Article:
Kansas educators wary of school funding cuts

admin Contributor
Font Size:

TOPEKA, Kan. (AP) — Kansas Gov. Mark Parkinson’s budget included what seemed to many educators to be a nice gesture, a $50 per student increase in state aid.

But the gesture requires legislators to raise taxes. If they won’t, schools will face deeper cuts in state aid than those they endured last year.

Parkinson has proposed raising the sales tax from 5.3 percent to 6.3 percent to help close a projected $400 million hole in the state budget for the fiscal year beginning July 1. Much of that new revenue would go to public schools, including replacing federal stimulus funds that will run out after this year.

Absent the tax increase, Parkinson said schools would see an additional $187 million in cuts, or about $286 per student.

Legislators continued Wednesday to examine Parkinson’s proposals. Budget issues aren’t likely to be resolved until late April or early May.

And education officials believe they’ll be doing well to avoid additional cuts.

“What the governor has said very clearly is this isn’t a choice of restoring the cuts that have been made, it’s simply stopping the bleeding,” said Mark Tallman, lobbyist for the Kansas Association of School Boards.

A series of cuts over the past year have eroded much of the spending increases that legislators passed in 2006 to satisfy a Kansas Supreme Court ruling. The cuts have resulted in elimination of programs and staff layoffs.

“The governor’s proposal gives us great hope, but I don’t know how the Legislature will react,” said State Board of Education Chairwoman Janet Waugh.

House Speaker Mike O’Neal said because of $1 billion in new spending in recent years that schools are better positioned to weather the state’s financial downturn.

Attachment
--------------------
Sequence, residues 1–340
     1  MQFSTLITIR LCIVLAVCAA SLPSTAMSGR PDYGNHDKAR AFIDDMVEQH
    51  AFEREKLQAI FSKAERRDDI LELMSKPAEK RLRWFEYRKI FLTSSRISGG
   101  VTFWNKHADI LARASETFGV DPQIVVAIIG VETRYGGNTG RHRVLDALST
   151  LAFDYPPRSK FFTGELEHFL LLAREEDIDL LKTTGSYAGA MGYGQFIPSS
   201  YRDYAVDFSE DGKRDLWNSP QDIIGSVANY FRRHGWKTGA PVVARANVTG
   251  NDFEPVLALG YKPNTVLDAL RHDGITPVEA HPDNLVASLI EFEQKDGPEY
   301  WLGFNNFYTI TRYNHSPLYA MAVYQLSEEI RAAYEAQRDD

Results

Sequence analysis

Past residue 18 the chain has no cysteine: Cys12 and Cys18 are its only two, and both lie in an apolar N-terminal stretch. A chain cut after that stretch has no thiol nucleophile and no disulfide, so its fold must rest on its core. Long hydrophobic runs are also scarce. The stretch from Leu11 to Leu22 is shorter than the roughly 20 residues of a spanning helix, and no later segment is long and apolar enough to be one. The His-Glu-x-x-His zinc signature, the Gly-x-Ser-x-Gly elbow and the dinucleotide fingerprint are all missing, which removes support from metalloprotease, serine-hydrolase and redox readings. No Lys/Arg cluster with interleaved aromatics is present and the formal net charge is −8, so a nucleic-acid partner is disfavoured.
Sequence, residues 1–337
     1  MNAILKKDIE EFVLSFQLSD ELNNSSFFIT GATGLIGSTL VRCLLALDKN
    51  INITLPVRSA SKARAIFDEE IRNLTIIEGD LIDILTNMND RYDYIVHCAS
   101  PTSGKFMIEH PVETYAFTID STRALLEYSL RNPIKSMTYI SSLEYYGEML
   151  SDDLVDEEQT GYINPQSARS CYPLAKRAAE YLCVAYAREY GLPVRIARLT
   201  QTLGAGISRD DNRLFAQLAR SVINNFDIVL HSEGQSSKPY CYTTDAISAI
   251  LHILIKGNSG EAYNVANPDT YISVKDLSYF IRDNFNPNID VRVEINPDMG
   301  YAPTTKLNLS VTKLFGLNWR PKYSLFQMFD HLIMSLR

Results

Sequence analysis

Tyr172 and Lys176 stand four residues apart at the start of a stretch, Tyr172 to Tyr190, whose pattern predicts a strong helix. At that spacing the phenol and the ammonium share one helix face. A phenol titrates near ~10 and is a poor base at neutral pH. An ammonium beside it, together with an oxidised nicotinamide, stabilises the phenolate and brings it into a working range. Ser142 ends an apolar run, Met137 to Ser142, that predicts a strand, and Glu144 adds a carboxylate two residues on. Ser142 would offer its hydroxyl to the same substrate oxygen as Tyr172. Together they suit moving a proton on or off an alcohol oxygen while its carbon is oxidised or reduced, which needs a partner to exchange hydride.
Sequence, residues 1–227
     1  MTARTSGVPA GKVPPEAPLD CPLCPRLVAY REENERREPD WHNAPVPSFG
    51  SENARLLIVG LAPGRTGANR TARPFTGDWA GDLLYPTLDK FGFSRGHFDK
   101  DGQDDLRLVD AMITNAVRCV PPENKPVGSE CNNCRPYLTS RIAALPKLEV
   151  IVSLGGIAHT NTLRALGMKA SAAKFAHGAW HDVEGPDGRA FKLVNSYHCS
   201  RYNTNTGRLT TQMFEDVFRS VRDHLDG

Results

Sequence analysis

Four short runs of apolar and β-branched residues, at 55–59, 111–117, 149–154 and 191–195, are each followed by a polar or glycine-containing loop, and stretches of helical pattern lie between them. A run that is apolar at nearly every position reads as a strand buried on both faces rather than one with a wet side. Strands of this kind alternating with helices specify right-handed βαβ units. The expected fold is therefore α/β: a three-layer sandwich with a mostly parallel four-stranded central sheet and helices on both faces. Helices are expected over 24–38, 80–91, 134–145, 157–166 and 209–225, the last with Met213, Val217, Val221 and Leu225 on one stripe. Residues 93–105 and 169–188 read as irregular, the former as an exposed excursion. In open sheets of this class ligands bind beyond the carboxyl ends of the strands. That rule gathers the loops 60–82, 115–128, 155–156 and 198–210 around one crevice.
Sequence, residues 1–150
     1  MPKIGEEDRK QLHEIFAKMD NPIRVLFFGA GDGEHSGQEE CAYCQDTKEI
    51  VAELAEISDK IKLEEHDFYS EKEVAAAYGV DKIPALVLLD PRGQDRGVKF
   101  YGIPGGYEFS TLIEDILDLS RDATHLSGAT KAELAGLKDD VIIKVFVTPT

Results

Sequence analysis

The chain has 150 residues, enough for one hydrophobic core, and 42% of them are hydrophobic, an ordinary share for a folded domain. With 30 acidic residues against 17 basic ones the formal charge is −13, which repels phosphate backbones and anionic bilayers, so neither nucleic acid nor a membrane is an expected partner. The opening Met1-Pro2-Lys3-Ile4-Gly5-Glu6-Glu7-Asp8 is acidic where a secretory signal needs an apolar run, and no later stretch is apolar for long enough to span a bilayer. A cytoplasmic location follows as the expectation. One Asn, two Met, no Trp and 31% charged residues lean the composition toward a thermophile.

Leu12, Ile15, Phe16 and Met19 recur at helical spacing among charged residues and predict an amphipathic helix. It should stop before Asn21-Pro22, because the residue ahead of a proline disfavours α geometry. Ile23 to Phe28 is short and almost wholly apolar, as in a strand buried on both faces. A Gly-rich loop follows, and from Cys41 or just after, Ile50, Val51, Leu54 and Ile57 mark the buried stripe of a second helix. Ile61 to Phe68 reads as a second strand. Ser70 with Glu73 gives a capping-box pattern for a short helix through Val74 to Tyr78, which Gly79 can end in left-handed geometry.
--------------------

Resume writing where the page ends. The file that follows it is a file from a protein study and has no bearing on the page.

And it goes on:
“Fortunately, whether it’s the courts forcing the Legislature to do it or the Legislature doing it, we were in position to make some substantial investments in the schools before the recession hit,” said O’Neal, a Hutchinson Republican. “So they’ve got more capacity to absorb this type of recession than most agencies.”

For Wichita, the state’s largest school district with more than 49,600 students, $50 per student will minimize further cuts but not prevent them, the district’s lobbyist said.

Diane Gjerstad said district officials have used federal funds to maintain classroom support programs, but those could be lost, along with numerous teaching positions districtwide.

“We are concerned about the support services that Wichita has built,” she said. “Those are being eroded. That’s important because of demographics” that includes many minority students and poverty.

Districts are receiving $4,012 per student this school year, after they originally expected about $4,400 per student.

But Tallman noted that some legislators believe schools can withstand further cuts that take their base below $4,012 per student.

“We can go back to the system that we had five or 10 years ago, but are you going to get the achievement results that we have been getting?” Tallman said. “That’s what has the districts so concerned.”

House Appropriations Chairman Kevin Yoder said raising taxes is not the first choice for many.

“I think Kansans expect us to do our jobs here and find reductions, to work harder, and the easy answer is to simply go to Kansans and take more of their money. Anybody can do that,” said Yoder, an Overland Park Republican.

Regardless of the tax proposal, more litigation is in the works against the state.

John Robb represents 74 districts that filed a motion with the Kansas Supreme Court on Monday to reopen its 2006 finance ruling. The coalition contends the state is failing to live up to its constitutional requirements to properly fund education. Raising taxes helps, but Robb said it doesn’t solve the problem.

“The former education spending levels were set based upon what it costs schools to do their jobs,” Robb said. “I don’t know how schools can be expected to continue to do what is asked of them if their costs are not funded.”